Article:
Peter Carey: True History of the Kelly Gang
This novel garnered loads of praise, though I am not sure why. My memories of Ned Kelly are the Tony Richardson film, starring Mick Jagger and Sidney Nolan’s paintings of Kelly. Carey has chosen to tell the story from Kelly’s point of view, with the text being an alleged manuscript of his story written by Kelly himself.
Carey seems to me to have three aims in this book. Firstly, he simply wishes to pay tribute to the one truly mythical character of Australia (I am deliberately not counting a few explorers, sports heroes and entertainers). This story paints a picture of Kelly the man but shows how the legend arose. Secondly, he seeks to show how badly treated the Irish immigrants were by the English who were already there. The message, presumably, should not be lost on today’s Australians and their treatment of recent immigrants. Finally, he wishes to celebrate Australia’s landscape – not the landscape of Ayers Rock and the Great Barrier Reef but of the interior, which he does very effectively.
Most of the book is about the life of Kelly and his family before the exploits which made him famous. Kelly’s family, as poor Irish immigrants, had a rotten deal, particularly from the well-to-do landowners and the police. His mother, whom he adored, struggled hard to make a living for the family, particularly after her husband died. She apprenticed Kelly (without his knowledge) to Harry Power, a bushranger, recently released from prison, and Mrs. Kelly’s part-time lover. Kelly travelled around with Power, not always happily, as they committed a variety of essentially minor crimes. But Power was betrayed (Kelly took the blame but was not responsible) and Kelly again helped his mother on their land, till she took up with an American immigrant, George King.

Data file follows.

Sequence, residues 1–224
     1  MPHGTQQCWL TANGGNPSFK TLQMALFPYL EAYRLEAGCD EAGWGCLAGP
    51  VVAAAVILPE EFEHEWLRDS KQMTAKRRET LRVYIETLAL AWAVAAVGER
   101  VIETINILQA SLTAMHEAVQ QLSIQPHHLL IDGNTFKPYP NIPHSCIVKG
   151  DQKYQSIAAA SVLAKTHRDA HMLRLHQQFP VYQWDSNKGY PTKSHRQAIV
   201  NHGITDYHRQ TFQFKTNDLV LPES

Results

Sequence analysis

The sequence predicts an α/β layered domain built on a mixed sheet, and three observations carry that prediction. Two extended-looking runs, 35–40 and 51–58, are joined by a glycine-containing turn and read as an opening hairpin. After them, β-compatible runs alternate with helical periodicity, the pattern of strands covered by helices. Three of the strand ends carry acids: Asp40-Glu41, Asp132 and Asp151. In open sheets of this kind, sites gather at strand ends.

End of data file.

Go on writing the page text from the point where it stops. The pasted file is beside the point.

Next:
It is not till nearly the end that Kelly started to carry out the exploits for which he is famous. He had tried to earn an honest living but he and his family were harassed by the rich and by the police. It was a police officer – Fitzgerald – that precipitated his crime spree. Fitzgerald was interested in Kelly’s sister and when he went too far with her, Mrs. Kelly hit him. He pulled out his gun and Kelly shot it out of his hand. Kelly threatened to kill him but he promised to say nothing if his life was spared. Of course, he did tell and soon the police were after Kelly, his brother and his friends. Their crime spree did take place but they were soon caught and Kelly hanged, a martyr and a folk legend. Maybe Carey does demystify the legend somewhat and maybe he does tell a compelling story but I prefer his earlier work.
First published 2000 by The University of Queensland Press